In this buddy review with Roman and Tommy, the duo hop into the 2020 Kia Soul GT-Line and find themselves confused. Is this turbocharged Soul a hot hatch built to compete against the likes of the Volkswagen GTI? Or is it sporty compact crossover with more in common with something like Honda’s HR-V? Let’s dig through the stats and features and find out.
The Kia Soul GT-Line is a hot hatch!
Here are the reasons this Soul deserves a hot hatch designation:
- 1.6-liter turbocharged 4-cylinder engine good for 201 hp. That’s pushing into VW GTI territory.
- 7-speed dual clutch transmission
- 18-inch wheels and Goodyear all-season tires. For a compact, budget-minded crossover, those are big rims. They return a stiffer, more performance-oriented ride.
- Speaking of ride, this Soul GT does have a stiffer, sportier suspension.
- Tight cockpit and well-bolstered seats designed for spirited driving.
- It has a hatchback, and its newly designed front end looks like a stormtrooper.
No! It’s not a hot hatch — it’s a crossover.
And now, key reasons that the Soul is truly a compact crossover:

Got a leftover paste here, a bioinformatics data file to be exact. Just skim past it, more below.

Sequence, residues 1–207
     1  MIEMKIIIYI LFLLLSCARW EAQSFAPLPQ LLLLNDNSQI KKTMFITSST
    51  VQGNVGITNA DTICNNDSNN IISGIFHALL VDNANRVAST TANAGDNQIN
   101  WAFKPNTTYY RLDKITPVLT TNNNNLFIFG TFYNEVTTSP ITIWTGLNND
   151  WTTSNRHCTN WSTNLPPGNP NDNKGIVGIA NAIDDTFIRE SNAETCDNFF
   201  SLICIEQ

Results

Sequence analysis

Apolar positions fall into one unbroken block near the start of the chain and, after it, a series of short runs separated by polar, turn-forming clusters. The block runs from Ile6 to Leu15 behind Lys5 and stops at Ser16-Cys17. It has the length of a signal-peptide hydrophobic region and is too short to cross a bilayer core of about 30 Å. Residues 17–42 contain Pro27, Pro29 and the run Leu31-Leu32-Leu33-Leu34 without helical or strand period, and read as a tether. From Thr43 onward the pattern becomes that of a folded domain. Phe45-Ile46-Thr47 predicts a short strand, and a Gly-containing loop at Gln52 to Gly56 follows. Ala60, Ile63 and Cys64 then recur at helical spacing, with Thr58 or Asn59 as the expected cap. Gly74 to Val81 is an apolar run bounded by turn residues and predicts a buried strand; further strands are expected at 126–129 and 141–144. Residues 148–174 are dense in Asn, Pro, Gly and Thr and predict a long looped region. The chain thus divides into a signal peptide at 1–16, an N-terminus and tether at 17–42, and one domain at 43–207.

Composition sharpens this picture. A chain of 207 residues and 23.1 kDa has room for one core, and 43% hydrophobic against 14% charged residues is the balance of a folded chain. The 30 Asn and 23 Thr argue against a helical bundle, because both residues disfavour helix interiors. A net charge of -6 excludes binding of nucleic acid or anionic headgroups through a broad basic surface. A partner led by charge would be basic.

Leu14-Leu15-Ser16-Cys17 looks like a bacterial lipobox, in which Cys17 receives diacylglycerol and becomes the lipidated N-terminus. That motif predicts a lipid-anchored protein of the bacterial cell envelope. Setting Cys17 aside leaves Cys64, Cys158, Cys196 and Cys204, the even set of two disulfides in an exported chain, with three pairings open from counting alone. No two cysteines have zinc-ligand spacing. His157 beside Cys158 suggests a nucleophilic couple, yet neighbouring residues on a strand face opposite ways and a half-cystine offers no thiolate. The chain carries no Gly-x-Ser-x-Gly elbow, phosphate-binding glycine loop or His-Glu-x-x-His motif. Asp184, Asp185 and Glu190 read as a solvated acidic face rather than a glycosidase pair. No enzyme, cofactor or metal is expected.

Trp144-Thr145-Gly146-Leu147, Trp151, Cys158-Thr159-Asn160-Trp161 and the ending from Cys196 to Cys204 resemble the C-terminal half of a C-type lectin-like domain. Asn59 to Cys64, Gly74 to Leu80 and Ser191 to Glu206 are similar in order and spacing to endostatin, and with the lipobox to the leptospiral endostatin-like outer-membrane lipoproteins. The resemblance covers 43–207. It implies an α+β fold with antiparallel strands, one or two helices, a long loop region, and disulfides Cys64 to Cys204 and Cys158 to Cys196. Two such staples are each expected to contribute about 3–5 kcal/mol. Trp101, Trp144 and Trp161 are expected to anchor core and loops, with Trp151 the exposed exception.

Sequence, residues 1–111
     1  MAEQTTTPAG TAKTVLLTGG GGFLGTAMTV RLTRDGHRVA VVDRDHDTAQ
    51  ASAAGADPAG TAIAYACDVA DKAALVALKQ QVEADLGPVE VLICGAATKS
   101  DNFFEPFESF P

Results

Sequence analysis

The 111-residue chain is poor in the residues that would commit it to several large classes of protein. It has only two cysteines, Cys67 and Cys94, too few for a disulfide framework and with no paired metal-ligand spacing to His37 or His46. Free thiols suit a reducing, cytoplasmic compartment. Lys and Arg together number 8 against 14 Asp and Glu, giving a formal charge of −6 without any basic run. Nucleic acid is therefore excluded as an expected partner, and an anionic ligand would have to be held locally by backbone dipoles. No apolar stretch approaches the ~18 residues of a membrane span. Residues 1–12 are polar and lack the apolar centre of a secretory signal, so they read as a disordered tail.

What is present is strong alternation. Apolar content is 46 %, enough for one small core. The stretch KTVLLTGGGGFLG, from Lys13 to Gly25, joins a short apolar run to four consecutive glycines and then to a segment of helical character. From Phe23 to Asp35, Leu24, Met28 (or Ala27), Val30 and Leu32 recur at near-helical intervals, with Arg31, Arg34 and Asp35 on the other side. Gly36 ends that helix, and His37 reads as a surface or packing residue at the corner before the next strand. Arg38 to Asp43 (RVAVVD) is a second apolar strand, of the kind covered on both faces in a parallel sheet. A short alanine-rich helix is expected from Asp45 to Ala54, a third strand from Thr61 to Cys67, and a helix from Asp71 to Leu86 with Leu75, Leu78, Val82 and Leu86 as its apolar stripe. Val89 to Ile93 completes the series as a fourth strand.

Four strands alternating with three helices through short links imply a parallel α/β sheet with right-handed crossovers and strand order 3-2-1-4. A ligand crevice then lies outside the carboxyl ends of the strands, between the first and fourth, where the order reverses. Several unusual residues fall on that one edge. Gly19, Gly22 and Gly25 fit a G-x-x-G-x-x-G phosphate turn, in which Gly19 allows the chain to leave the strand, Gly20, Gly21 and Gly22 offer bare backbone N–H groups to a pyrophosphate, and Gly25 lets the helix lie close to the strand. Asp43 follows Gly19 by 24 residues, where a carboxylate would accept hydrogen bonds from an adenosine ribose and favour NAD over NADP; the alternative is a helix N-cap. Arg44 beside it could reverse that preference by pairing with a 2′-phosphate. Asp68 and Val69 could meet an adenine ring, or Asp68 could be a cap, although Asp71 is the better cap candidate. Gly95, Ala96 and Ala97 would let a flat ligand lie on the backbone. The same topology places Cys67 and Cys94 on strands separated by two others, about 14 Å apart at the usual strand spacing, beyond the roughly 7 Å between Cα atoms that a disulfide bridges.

- Spacious 2nd row seating with plenty of head and leg room for our staff of six footers.
- Higher, more upright seating position and relatively higher ground clearance. This isn’t a vehicle you slink down into. For example, compare the GTI’s 5.1-inches of space to the Soul GT-Line’s 6.7 inches.
- Squared off rear end doesn’t help aerodynamics, but does retain a ton of cargo space behind the second row.
- A middling 8.61 second 0-60mph time even with a turbo, at altitude. Granted there were three adults in the Soul at the time.
As Roman points out in the video, Kia has done an admirable job making the Soul appeal to both men and women, those who want practicality and those who want style. It’s a very rare vehicle that pulls this off. Then add the turbo and Kia now can add ‘fun to drive’ to the Soul’s accomplishments.
On our Buy It, Lease It, or Forget It ranking Tommy votes to lease the Soul GT-Line. He calls it fun, practical, but faults the turbo engine and the 7-speed dual clutch transmission for not working as seamlessly together as they should. He also cites the sticker price on the fully-loaded model tested, $28,710 including destination. That’s right in line with a base model GTI, equipped with a sweet-shifting manual transmission. So he says, “Lease it.”
Roman says, “Buy it!” Yes, the transmission/engine connection could be smoother, but it works. The car is so well thought out in terms of styling, size, interior layout, efficiency (29 mpg combined) and functionality, that it will suit a host of drivers’ needs for years and years. Click on the video below and see for yourself if you agree.